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Reflection Logs as Dashboard

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Presentation at eAssessment Tomorrow

  1. 1. Reflection Logs as a Dashboard John Gordon Ken Currie Opus Learning 22nd November 2012
  2. 2. The problem• Opus Learning provides online education, so the usual problems – Tracking learning – Authentication – Identifying problems in learning – Recognising need for intervention
  3. 3. The Solution Student interacts with contentLearnerinteractingwith content, Makes notes, responds toleaving traces quiz, send messages, etc Store in MLE Capture notes Print off record of learning
  4. 4. Digital Work Book: Challenge• To develop tools for: – Teachers as authors – Audit trails from the learning process – Identify and understand behaviours – Authenticate candidates – Identify intervention requirements – Develop scalable assessment
  5. 5. What we wanted• Interactive content• Student to Content Interaction• Recording interactions, and reflection• Embedded activity and Assessment• Multi-user activity• Logging and monitoring of learning
  6. 6. What we made• A portfolio embedded in the content• A dashboard for learning, from all user points of view• Recording of legacy from learning• Rich seam of data and behaviours for mining• Ongoing formative assessment, and potential summative assessment
  7. 7. Digital Workbook
  8. 8. Digital Work Book: Features– Content based, an integral part of the learning materials– Context based, a support mechanism for testing concept understanding– Supporting Reflective Thinking– A longitudinal form of assessment
  9. 9. The Digital Workbook
  10. 10. Learners interactions• Classical view - four types of interaction – learner-content – learner-learner – learner-tutor – learner-interface• The Opus view – there’s more! – the sum of interactions leads to meaningful learning
  11. 11. ∑ Interactions = Meaningful Learning Student/Student Student Student/Tutor Student/Content Student/Environment Content Tutor Tutor/Content Tutor/TutorContent/Content Content/Environment Tutor/Environment EnvironmentBased on diagram in Environment/EnvironmentAnderson 2003
  12. 12. Interaction TableInteraction MethodologyStudent/Content Digital Work BookStudent/Tutor Environment + Digital Work BookStudent/Student Environment + Multiuser Digital WorkbookStudent/Environment Standard VLE such as Moodle 2.3 ( or others)Content/Content Rich Single Source Publishing + high level of linkage/integration + objectsTutor/Tutor VLE Features+ SQA QA ProcessesTutor/Environment VLE Features+ Digital Work Book DashboardContent /Environment VLE Features+ CAPDM EnhancementsEnvironment/Environment VLE Audit trail.Tutor/Content CAPDM Single Source Publishing System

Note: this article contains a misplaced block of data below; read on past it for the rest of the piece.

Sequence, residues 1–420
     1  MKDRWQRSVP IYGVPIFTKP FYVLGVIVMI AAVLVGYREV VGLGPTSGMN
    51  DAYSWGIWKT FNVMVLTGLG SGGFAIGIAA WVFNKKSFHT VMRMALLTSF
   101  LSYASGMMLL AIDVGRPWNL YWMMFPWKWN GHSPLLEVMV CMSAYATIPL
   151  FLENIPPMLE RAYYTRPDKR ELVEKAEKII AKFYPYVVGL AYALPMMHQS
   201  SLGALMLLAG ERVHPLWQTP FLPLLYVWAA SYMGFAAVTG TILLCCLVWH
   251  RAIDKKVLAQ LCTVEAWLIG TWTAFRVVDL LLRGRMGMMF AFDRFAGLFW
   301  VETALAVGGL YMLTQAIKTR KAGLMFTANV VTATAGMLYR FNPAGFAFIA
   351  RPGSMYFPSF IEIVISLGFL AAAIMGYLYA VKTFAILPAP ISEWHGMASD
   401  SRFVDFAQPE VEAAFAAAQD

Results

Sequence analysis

13. 13. DWB Examples – Source Page
  14. 14. DWB Example workbook
  15. 15. The DigitalWork Book: Benefits– Learner reflections form a legacy • A physical recorded book for the learner • A set of behaviour records for the learning provider– Learning content feedback – improvement of content– A behaviour trail– A rich source for data mining– Holistic assessment, across courses and programmes– Authentication Support
  16. 16. DWB Dashboard
  17. 17. Digital Work Book: Assessment Strategy– Provides ‘longitudinal’ assessment to augment assignments, exams, quizzes, etc.– Integrates assessment across courses and programmes– Is part of the ‘dashboard’ for Opus assessment
  18. 18. Example of Assessment screen
  19. 19. Standard TemplatesStandardised programme design – all modules have the same feature set 21
  20. 20. Concept Maps & Gateways• The DWB can be used anywhere, but it is effective when contextually relevant – Study Guides can be useful Concept Maps – Key concepts can be thought of a ‘gateways’ through which a student must pass successfully – The DWB can be used to assess understanding of these concepts • Contextually aware student input
  21. 21. Digital Work Book: Applications• Audit Trail – Very useful to check on student progress – Relevant in compliance related training• Personal portfolio – A reflective log – Augments and provides alternative to file stores• Student support – Intervention assessment – Authentication – A navigational aid
  22. 22. Creating the Social Learner• DWB is part of a social learner strategy – Rich interaction spaces – Personal interaction with the content (DWB) – Interaction on specific issues (traversing the web) – Social learner (Forums, Facebook, etc.)• The DWB is interaction
  23. 23. The Future• The DWB is sharable, including – with the Tutor – with other students,• In the future it will – support groups – support many content types – integrate with other portfolio components• The DWB will be our main assessment toolset• The DWB will be our main behaviour manager
  24. 24. References• Veronica Thurmond, Karen Wambach “Understanding Interactions in Distance Education: A Review of the Literature”, International Journal of Instructional Technology and Distance Learning, 2004, http://www.itdl.org/journal/jan_04/article02.htm• Su, Bonk, Magjuka, Liu and Lee; The Importance of Interaction in Web-Based Education: A Program-level Case Study of Online MBA Courses; Journal of Interactive Online Learning, Volume 4, Number 1 Summer 2005. http://www.ncolr.org/jiol/issues/pdf/4.1.1.pdf• Terry Anderson, Getting the Mix Right Again: An updated and theoretical rationale for interaction, The International Review of Research in Open and Distance Learning, Vol 4, No 2 (2003). http://www.irrodl.org/index.php/irrodl/article/view/149/230• THANK YOU• www.opuslearning.com
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